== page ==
Monday, October 21, 2013

Anatomy Resource: Alex zur Linden's Clinical Equine Imaging Reference Site

What's new on your iPad?

Our reference systems are evolving as we become both more dependent on and more at ease with our digital tools. There was a time when we didn't want to take laptops, iPads and SmartPhones into barns or lug them along to consultation meetings, but new coatings and cases and diligent cleaning are making tools more resilient and horse-friendly, while our reference books stay clean and crisp on shelves for when our hands are clean.

And with some of the new apps and reference sites emerging, who wants to leave their tech tools behind?

Apps are coming out at a fast and furious rate, and this fall sees a set impressive web-based tools that will be featured on The Hoof Blog as they emerge.

Today we introduce the first, an example of a reference website that could have been squirreled away for personal or department use, but instead is being shared with open access.

Dr. zur Linden's reference site offers images of the distal limb in both 3-D from CT scans (above) and as radiographs (below).

Alex zur Linden, DVM, DACVR, is Assistant Professor of Radiology at Ontario Veterinary College at the University of Guelph in Ontario, Canada. He assembled a series of 3-D videos constructed from CT scans with the Osirix medical imaging viewer software developed for Macintosh computers; both the equine and bovine limb skeletal anatomy are displayed on the site, which is hosted on the Iowa State Univeristy vet school web site.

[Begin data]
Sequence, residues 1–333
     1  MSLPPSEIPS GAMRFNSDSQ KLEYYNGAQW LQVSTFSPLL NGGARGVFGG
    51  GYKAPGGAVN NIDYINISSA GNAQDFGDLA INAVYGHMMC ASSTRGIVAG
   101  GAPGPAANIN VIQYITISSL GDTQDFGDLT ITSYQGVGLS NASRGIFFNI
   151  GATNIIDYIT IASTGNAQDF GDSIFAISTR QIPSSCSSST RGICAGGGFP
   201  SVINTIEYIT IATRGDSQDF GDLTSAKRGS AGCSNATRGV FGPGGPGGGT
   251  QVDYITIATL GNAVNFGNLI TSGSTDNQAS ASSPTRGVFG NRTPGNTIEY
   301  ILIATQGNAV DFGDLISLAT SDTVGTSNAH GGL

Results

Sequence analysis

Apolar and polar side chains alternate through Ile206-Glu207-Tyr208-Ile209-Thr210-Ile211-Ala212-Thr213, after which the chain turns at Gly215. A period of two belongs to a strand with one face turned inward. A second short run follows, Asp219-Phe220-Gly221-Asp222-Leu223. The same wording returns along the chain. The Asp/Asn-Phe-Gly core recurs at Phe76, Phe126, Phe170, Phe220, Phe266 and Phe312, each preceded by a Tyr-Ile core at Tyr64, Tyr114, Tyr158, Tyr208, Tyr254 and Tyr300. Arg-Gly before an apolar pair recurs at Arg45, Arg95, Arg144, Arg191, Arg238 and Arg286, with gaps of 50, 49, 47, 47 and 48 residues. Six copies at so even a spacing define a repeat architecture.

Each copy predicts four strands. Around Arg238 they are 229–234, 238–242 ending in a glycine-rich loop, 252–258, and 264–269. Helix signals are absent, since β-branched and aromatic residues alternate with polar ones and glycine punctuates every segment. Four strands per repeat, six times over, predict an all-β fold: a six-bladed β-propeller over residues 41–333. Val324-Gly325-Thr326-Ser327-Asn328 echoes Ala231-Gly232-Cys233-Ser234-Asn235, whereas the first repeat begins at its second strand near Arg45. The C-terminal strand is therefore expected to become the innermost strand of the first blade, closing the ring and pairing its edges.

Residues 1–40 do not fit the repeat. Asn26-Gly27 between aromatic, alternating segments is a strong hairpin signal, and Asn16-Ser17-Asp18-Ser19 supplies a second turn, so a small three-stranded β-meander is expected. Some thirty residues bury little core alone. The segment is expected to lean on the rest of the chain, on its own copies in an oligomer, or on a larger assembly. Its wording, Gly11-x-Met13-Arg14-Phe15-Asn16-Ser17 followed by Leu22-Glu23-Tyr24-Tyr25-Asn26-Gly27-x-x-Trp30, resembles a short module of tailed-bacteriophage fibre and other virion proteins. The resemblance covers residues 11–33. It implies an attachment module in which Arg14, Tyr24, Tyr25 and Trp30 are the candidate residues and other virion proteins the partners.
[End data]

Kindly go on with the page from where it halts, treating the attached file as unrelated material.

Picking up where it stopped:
This is the radiographic view of the image above.
The CT-derived videos rotate; the still images can be toggled with and without labels of key structures. Sections of the equine web site are from the distal limb (P1, navicular bone, P2, P3) to the shoulder. There are 10 views of the distal limb in CT view and 10 in the radiographic view, for a total of 20 views of the distal limb.

The site is cleanly designed and easy to navigate, with a left margin nav bar allowing the user to choose the structures and view; across the top are choices of 3-D or radiographic images. A label bar allows the user to choose the size of the lable, andwhether or not it is tagged to the structure with a line. The image can be reduced or enlarged using preset percentages.

"It was meant to be a free source of information for anyone that could make good use of it," zur Linden told The Hoof Blog. "The more people that know about this site and can make good use of it the better. It was designed with veterinary students in mind, but anyone can use it."
Professor zur Linden

Zur Linden's next project will be to develop a tool similar to a wii-remote video game controller that will assist veterinary surgeons when reading radiographs.

If studying or referencing anatomy is something that you're hoping to do more efficiently and elegantly on your laptop or iPad, be sure to bookmark Dr. zur Linden's helpful site:

Click to learn about durable and beautiful plastinated anatomy reference specimen.

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